Morris, who was also a creditor, protested against administration from the outset. Market conditions were clearly difficult, but Morris insists that until RBS withdrew its support, the bank’s credit control committee had agreed in writing as late as September 2008 that as developer, he was best positioned to achieve sales, complete construction and maintain high standards of management to the benefit of all creditors and residents.

Morris also says that the bank went down the administration route after turning down an offer from him, backed by Investec, of more than £30m. At the time, DTZ had valued Charters for RBS at £34m.

By December 2009, PwC had launched a marketing campaign for the freehold of Charters with “a minimum sales price of £27.5m”, a letter from the administrators to creditors shows. However, barely six months later, in June 2010, PwC assisted RBS as mortgagee in possession and completed the sale of Charters to West Register for just £15.8m.

The bank appeared to crystallise, or write down, a big loss with the West Register deal, despite signs of a recovery in the residential market. Morris says most of the 15 flat sales that were agreed off-plan near the 2005/06 market peak were at up to £1,250/sq ft, giving Charters a £96m gross development value at the time. The West Register deal equated to £400/sq ft – well below even the £500/sq ft construction costs.

Even before RBS placed Charters into administration, Morris says he suspected the development would end up in West Register. RBS, meanwhile, refuses to comment on the freehold ownership of Charters following the decision to close West Register. Nor
will the bank comment on sales of flats in Charters during the period under West Register’s ownership.

Land Registry figures reveal that West Register generated a total profit of £3.74m from the sales of 12 flats between March 2013 and August 2014. For instance, 10 Charters Garden House was sold in August 2014 for £1.45m, compared with its £997,396 valuation as part of the collective £15.8m acquisition in June 2010.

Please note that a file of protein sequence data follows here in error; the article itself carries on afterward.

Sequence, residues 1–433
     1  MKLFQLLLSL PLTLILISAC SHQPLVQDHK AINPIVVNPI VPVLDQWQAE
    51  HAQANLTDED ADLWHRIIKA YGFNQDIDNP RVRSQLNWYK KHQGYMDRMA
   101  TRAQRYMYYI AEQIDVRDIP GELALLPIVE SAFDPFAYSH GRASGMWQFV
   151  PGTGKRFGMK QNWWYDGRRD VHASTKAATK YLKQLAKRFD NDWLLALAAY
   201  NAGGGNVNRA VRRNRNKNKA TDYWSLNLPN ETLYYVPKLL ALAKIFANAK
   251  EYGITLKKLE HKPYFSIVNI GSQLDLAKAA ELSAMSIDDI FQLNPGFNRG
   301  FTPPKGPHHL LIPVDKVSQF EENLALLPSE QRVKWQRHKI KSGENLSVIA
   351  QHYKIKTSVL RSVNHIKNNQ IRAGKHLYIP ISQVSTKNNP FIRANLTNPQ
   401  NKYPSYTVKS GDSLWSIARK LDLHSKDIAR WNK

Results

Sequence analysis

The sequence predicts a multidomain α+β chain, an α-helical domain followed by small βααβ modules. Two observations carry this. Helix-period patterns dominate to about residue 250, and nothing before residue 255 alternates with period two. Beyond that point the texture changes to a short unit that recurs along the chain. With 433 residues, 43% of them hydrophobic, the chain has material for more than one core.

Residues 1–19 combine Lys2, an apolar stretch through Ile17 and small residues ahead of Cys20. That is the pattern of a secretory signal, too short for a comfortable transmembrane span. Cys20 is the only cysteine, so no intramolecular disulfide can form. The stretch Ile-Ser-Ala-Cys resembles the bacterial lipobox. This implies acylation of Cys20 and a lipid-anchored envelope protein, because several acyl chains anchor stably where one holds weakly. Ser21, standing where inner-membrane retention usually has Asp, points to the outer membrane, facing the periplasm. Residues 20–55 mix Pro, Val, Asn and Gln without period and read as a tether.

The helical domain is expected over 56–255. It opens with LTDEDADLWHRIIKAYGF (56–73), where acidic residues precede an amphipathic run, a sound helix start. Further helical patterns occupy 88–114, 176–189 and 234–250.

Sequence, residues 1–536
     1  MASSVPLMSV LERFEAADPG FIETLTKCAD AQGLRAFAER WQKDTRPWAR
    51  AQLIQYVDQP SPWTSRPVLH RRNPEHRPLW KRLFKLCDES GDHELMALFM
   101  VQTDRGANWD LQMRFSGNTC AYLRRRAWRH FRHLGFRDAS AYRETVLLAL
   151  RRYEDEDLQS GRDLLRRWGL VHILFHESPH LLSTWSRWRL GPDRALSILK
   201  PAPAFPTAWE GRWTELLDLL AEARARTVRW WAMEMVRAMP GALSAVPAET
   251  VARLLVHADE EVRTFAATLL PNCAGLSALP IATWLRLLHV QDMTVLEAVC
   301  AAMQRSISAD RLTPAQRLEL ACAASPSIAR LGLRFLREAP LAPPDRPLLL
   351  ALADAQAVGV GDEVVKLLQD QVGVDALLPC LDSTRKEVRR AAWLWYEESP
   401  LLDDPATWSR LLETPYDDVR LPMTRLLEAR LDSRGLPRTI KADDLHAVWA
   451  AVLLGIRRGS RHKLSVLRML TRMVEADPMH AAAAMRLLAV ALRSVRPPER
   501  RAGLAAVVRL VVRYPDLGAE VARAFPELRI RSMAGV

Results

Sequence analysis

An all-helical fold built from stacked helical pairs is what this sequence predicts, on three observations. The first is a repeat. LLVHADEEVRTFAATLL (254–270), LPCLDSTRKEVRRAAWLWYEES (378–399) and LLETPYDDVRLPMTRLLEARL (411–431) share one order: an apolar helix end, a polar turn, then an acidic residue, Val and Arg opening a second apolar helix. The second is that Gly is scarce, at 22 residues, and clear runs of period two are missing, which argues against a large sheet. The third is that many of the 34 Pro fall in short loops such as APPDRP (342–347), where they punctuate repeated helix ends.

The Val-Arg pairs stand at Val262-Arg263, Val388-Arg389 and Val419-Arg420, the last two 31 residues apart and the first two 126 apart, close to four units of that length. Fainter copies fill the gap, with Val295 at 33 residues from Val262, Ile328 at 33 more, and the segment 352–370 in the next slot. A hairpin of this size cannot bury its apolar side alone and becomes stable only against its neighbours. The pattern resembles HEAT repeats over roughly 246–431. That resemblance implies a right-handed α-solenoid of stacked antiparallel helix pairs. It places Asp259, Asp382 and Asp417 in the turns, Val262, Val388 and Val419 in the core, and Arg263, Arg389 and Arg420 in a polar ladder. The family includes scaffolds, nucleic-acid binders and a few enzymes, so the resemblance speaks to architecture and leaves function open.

Residential recovery

As the residential market has recovered, the post-Tomlinson controversy over GRG and West Register has played out and Morris has waited patiently for his day in court, which is only possible through some legal manoeuvres around the time his two companies were placed in administration.

Morris acquired from the companies the so-called “chose in action”, which gave him the right as owner to pursue a claim against RBS. Normally the chose in action is vested in the directors of special-purpose vehicles such as CDL and Castleleigh and if the SPVs go bust, any legal rights go down with them.

There have been legal hurdles along the way, including RBS changing its solicitors on this dispute three times, delaying proceedings. Morris also had to seek a High Court order to get RBS to release bank statements relating to Charters, as well as credit committee minutes. “This is the normal stuff any bank would be pleased to give you but we had to take them to court,” he says.

Morris says he has spent “the thick end of £1m” in legal fees to get to the point of serving the writ, but has no intention of backing down. He adds: “I’ve been dealing with this bank for 40 years, with ups and downs. I’ve never sued my bank before but what they did was patently wrong.”

Chequered history of the Charters case

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John Morris presided over a luxury residential coversion of the art deco Charters mansion

2001: Developer John Morris buys the art deco Charters mansion and surrounding land in Sunningdale.

2004: Morris wins planning permission for a luxury residential development and starts construction with RBS as lender.

September 2008: Much of the scheme is complete and 15 of the 34 flats sold. But with the residential downturn it is a year since Morris has sold a flat at Charters. RBS refuses to release funds for final construction work.

April 2009: DTZ values Charters for RBS at £34m. RBS is owed £37m but rejects Morris’s and Investec’s offer of £30m-plus for freehold.

May 2009: Principal creditor RBS places two Morris companies involved with Charters into hands of PricewaterhouseCoopers administrators.

December 2009: PwC places Charters on the market at “a minimum sales price of £27.5m”.

June 2010: PwC sells Charters to RBS subsidiary West Register for £15.8m.

September 2014: Morris registers legal proceedings against RBS in High Court.

December 2014: Formal particulars of claim, or writ, is served on RBS.

March 2016: Likely hearing date for court case.